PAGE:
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Sure, John Boyega is fronting some pretty major scif-fi franchises at the moment. But Pacific Rim Uprising and Star Wars: The Force Awakens actually have much more in common than their charismatic leading man. Nerdist learned this first hand when we traveled to Sydney, Australia, to visit the set of the hotly anticipated Pacific Rim sequel.

In between stepping inside the Conn-Pod of the new Jaeger, Gypsy Avenger, and watching the film’s suited-up stars leap into Kaiju-fighting action, we sat down with Boyega, his co-star Cailee Spaeny, and Legendary Entertainment producer Cale Boyter, as well as Pacific Rim Uprising‘s director, Steven S. DeKnight to discuss how this sequel aims to do right by fans and revealed how The Force Awakens has proven a major influence.

A Gruff But Lovable Nerf Herder. 

Best-known for playing the affable rebel Finn, Boyega fronts Pacific Rim Uprising as Jake Pentecost, the reckless son of a renowned war hero. And according to the English ingendude, the two characters couldn’t be more different. “(Jake) is just not Finn, at all!” he said enthusiastically.

Boyter concurred, comparing the younger Pentecost to another beloved Star Wars hero, saying, “(Boyega) has a Han Solo thing that we lean into here. I think you saw shades of that in Star Wars.” He added, “(Jake has) got a Harrison Ford thing about him. He’s a scoundrel. He’s out for himself. But you love him. He’s got something that makes him vulnerable, but he doesn’t really want to access it.” Oh, we know.

Battle Experience Of The First Order

But Boyega is bringing more than Star Wars swagger to Pacific Rim Uprising. Pulling double duty as a producer on the project, he pushed for Legendary Entertainment to hire The Force Awakens‘ stunt performer Liang Yang as this sequel’s fight choreographer. Yang was a major force in constructing the sci-fi sequel’s sprawling Jaeger versus Kaiju battles scenes.

Nerdist got first-hand experience with Yang’s skills when he taught us some custom-choreography, seen in the video above. Lucky for Pacific Rim fans, Boyega and his co-stars are far more athletic and dexterous than our ragged band of bloggers!

Getting That Star Wars Look. 

Perhaps because the first film was criticized for the confusing coverage of its fight scenes, Pacific Rim Uprising‘s makers sought a director of photography whose could more effectively thrust audiences into the experience of this bonkers battles. That meant also snagging The Force Awakens cinematographer, Daniel Mindel.

“We’re shooting for scope here,” Boyter said of the film’s cinematography. “And Danny did that with Star Wars.” The producer noted how battle locations like Tokyo, which “becomes a playground” for the rampaging Kaiju, allows for depth of field and multiple planes of action. Something Mindel managed with care and skill in The Force Awakens‘ many escape and fight scenes. “We’re trying to make sure we’re pushing the audience into the action,” Boyter concluded,  “And part of that is just making sure we keep it visceral.”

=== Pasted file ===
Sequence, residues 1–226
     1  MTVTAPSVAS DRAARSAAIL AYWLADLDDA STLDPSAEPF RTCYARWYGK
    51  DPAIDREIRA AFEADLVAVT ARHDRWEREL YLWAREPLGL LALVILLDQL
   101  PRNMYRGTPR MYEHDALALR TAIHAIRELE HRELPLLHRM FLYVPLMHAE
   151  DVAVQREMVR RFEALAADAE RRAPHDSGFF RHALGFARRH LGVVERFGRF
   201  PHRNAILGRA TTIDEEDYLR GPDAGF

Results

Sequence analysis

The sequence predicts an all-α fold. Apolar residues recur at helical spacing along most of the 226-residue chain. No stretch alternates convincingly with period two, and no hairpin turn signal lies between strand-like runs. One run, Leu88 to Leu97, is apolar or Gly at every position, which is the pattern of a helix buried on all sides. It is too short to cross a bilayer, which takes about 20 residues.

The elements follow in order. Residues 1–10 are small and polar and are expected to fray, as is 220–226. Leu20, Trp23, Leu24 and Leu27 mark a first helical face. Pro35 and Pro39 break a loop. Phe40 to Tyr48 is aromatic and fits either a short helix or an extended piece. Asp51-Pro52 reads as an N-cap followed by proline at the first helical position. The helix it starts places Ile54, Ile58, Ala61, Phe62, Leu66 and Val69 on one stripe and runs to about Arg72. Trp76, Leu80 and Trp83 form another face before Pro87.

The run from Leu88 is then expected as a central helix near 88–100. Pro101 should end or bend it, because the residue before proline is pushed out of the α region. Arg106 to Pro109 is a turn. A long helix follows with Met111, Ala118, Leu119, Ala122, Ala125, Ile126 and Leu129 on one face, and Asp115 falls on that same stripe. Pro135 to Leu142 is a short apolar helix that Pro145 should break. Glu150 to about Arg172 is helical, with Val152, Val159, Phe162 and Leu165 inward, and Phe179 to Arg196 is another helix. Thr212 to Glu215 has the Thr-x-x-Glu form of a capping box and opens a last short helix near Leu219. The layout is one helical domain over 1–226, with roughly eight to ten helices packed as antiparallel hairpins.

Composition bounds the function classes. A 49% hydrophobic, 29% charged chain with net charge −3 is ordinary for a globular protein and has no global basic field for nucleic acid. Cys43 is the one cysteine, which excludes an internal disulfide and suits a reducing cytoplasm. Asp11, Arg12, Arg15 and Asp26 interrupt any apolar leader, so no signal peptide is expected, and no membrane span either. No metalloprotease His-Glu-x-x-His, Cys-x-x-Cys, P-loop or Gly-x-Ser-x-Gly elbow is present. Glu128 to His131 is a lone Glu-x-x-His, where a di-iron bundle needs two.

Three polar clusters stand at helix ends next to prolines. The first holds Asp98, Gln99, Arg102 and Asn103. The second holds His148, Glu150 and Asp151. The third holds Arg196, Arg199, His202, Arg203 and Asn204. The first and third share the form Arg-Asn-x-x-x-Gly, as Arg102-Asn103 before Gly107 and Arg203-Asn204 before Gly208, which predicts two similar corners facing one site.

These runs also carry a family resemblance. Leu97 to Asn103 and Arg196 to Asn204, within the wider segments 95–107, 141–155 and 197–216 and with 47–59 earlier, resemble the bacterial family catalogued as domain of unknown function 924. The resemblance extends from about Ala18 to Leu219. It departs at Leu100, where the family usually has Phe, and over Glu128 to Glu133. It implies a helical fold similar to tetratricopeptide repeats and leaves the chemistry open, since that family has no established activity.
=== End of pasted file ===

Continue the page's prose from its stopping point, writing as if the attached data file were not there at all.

A Diverse Cast Of Characters.

Admittedly, inclusive casting was a big part of Pacific Rim too. But Boyega told us that diversity has become a major factor in how he chooses his roles. “For me, it’s not just about diversity in terms of melanin,” he explained. “I think it’s diversity in types of character, different types of people.”

He noted how Pacific Rim powerfully presented a wide array of characters of different backgrounds, classes, and personalities. “You just see a whole entire world,” Boyega said. “I think if you want to create the worlds we enjoy today from George Lucas in front of the cameras, you have to be inclusive. And not just in terms of the physical, but in different types of people. Which is, for me, it just makes it more interesting.” He added, “And everyone is going to see themselves in it, which is perfect.”

Is That You Rey?

While Jake Pentecost might not be anything like Finn, Pacific Rim Uprising‘s young heroine reminds us a lot of Rey! Played by Cailee Spaeny, 15-year-old Amara Namani is an orphan living on the forgotten fringes of society. To survive, she travels to scrap yards for salvage, and she’s a bit of wonder when it comes to mechanics, engineering, and piloting complicated crafts.

“She’s definitely built a hard exterior,” Spaeny said of Amara, “and had to figure out how to survive on her own,” adding, “She’s definitely a tough girl, an old soul for sure.” All of the above could be applied to that scrappy survivor from Jakku. And while Rey has a robo-buddy in BB-8, Spaeny told us about Scrapper, the mini-Jaeger Amara managed to build on her own, and who she describes as “basically her only friend.” That is, of course, before Boyega’s character comes on the scene.

Fan Girl Makes Good. 

The biggest and possibly most exciting commonality between Pacific Rim Uprising and The Force Awakens is that both feature a female protagonist whose spent her youth idolizing a world in which she now gets to be a hero. Rey knew the stories of the Force and Han Solo, and so is elated to join the Resistance. Similarly, Amara has long loved Jaegers and loathed the Kaiju, whose attacks killed her parents. So when the Pan Pacific Defense Corps. begins The Hopefuls program for young, aspiring pilots, this tough loner is tempted to join the team and follow the footsteps of her idols.

Both sci-fi films allow a girl to be the character to whom fans can most relate. Because who among us wouldn’t wish for the chance to battle against evil Stormtroopers or ravenous Kaiju? In the coming months, we’ll get to vicariously live the dream, one in a galaxy far, far away, the other on an earth rattled by mind-bending monsters. And we can’t wait!

Pacific Rim Uprising opens March 23, 2018.

Check Out more from our visit to the set of Pacific Rim Uprising!

Images: Legendary

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